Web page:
definitely uprootingངེས་འབྱིན་ngé jinnges ‘byinnairyāṇikaThis is a feature of the exalted path, realization - the fourth aspect of the noble truth of path.
dependent arisingdependent origination, interdepedenceརྟེན་ཅིང་འབྲེལ་བར་འབྱུང་བ་ten ching drelwar jungwarten cing ’brel bar ’byung bapratītyasamutpāda
The process of the arising of conditioned phenomena. In term of the conditioned existence of sentient beings, it refers to the process of rebirth based on ignorance which is described in twelve steps: ignorance, karmic formations, consciousness, name and form, sense bases, contact, sensation, craving, clinging, becoming, birth, and aging and death.
dependent (nature)other-dependentགཞན་དབང་zhen wanggzhan dbangparatantraSee three natures.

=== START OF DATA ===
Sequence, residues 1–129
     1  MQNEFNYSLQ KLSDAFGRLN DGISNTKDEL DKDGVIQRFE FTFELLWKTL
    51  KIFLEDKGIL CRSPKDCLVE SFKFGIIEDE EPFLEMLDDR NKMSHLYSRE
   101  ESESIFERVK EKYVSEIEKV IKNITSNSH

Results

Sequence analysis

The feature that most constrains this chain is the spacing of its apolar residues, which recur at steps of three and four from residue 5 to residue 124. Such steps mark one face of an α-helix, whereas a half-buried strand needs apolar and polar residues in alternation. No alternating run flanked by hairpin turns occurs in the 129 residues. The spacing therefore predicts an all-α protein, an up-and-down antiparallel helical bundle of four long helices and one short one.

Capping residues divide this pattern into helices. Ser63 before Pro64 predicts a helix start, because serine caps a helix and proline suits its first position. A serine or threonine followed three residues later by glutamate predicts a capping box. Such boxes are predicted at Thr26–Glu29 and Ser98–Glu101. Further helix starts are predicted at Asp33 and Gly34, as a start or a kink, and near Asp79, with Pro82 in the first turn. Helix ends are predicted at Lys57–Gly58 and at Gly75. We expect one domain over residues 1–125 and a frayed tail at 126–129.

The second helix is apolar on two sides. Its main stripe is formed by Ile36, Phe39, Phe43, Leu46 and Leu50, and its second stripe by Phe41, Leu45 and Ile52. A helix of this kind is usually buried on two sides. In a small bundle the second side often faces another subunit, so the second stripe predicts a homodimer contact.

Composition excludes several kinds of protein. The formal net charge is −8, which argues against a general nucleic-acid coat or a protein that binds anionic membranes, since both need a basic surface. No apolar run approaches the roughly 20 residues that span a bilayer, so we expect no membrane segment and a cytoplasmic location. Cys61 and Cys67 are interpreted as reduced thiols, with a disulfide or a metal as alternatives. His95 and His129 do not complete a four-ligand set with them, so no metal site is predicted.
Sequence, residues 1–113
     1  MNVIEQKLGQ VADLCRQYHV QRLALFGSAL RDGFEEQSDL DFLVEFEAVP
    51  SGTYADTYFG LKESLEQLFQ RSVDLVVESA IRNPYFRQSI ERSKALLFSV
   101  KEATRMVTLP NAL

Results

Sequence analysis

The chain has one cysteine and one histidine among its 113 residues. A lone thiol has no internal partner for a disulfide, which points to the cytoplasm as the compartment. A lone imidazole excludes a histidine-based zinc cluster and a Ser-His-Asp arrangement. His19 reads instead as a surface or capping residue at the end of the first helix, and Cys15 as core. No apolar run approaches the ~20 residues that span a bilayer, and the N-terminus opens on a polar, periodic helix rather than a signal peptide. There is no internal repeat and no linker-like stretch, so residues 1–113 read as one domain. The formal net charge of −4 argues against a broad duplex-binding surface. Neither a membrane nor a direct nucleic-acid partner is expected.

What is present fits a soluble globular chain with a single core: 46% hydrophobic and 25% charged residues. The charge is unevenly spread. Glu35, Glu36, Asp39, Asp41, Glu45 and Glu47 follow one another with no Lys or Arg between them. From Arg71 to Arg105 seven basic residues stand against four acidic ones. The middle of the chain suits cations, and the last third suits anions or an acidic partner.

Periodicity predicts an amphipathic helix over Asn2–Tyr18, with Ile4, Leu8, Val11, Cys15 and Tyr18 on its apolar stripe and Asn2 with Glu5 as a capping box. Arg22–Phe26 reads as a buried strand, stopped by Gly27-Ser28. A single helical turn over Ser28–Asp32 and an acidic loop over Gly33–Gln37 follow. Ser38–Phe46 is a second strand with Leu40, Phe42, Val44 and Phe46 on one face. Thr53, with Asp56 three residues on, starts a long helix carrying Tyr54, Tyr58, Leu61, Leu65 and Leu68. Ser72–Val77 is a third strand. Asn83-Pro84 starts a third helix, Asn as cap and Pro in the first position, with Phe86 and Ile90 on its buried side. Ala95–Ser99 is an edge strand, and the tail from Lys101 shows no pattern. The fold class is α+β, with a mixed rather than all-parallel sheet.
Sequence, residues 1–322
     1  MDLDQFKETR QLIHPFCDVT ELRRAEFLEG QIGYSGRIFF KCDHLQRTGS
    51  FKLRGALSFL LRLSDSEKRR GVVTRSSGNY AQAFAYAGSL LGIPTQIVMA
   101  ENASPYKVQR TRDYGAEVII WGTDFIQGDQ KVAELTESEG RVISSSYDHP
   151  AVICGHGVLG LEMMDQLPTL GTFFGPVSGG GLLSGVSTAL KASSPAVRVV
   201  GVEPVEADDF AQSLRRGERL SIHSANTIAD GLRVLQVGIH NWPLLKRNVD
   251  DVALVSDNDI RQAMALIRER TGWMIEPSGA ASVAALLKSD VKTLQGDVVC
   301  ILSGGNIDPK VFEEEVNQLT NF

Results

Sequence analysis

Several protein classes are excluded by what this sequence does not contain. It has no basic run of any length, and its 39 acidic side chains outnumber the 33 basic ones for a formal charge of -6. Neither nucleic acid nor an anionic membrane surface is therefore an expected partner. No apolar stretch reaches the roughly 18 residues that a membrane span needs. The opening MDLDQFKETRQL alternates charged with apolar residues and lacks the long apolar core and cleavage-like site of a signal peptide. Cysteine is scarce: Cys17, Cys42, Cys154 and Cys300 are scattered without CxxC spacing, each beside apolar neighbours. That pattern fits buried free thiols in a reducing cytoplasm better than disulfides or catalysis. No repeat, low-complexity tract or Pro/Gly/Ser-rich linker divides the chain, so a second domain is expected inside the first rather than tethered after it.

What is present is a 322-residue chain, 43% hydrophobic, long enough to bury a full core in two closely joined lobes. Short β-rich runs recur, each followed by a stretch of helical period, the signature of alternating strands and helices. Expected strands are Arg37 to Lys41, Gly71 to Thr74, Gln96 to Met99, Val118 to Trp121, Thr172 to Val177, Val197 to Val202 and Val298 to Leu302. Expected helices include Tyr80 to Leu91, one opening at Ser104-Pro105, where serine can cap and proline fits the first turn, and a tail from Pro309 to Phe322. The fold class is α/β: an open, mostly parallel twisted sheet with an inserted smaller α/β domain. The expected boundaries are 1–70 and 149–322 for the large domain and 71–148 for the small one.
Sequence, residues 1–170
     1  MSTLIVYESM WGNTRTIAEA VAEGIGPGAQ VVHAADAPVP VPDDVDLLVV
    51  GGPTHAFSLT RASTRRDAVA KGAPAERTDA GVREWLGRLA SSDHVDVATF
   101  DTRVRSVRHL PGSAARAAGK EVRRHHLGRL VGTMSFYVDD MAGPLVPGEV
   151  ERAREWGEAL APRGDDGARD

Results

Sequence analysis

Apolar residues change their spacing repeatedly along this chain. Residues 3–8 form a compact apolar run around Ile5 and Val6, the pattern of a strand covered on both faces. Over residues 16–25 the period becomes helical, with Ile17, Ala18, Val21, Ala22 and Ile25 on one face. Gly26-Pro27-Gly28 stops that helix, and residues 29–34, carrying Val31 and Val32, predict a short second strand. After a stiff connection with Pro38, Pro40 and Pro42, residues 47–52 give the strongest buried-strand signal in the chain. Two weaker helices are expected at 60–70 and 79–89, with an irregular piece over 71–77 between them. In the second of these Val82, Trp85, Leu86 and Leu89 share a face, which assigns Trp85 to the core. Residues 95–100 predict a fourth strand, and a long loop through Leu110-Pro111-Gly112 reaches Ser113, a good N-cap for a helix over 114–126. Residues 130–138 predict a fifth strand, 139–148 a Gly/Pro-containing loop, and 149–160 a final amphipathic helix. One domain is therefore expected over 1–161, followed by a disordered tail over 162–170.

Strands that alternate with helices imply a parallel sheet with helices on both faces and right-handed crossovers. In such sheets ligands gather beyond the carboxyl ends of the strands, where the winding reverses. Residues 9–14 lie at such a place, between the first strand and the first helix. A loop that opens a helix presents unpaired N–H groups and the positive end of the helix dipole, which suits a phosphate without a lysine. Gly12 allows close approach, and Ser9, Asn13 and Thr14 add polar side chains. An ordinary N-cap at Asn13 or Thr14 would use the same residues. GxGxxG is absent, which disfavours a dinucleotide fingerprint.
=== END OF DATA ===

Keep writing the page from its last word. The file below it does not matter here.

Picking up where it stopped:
Dharma (Skt)ཆོས་chöchosdharma
When capitalized, this term refers to the Buddha’s teachings and the path of practice and experience based on them. In this sense it it one of the Three Jewels or objects of refuge for Buddhists. In general, however, the term dharma has more than ten different meanings, including phenomenon and religious tradition.
dharma (Skt), phenomenonreferentཆོས་chöchosdharmaAnything that can be the object of mental consciousness: all compounded and uncompounded phenomena.
dharmadhātu (Skt)ཆོས་དབྱིངས་chö yingchos dbyingsdharmadhātuLit. 'dharma expanse'. Synonym of ultimate reality, also used for buddha-nature. It is explained to be the cause for the properties of an ārya, since by taking it as the focal object of meditation one attains the exalted state.
dharmakāya (Skt)ཆོས་ཀྱི་སྐུ་chö kyi kuchos kyi skudharmakāya
According to the Madhyamaka scholars who assert that there are three kāyas in the Pāramitāyāna, it refers to non-differentiation of complete cessation and omniscient realization of complete Buddha and it is a synonym of svabhāvakāya. See also: kāya.
dharmatā (Skt)ཆོས་ཉིད་chö nyichos nyiddharmatāThe true nature of things, synonym for ultimate reality and emptiness.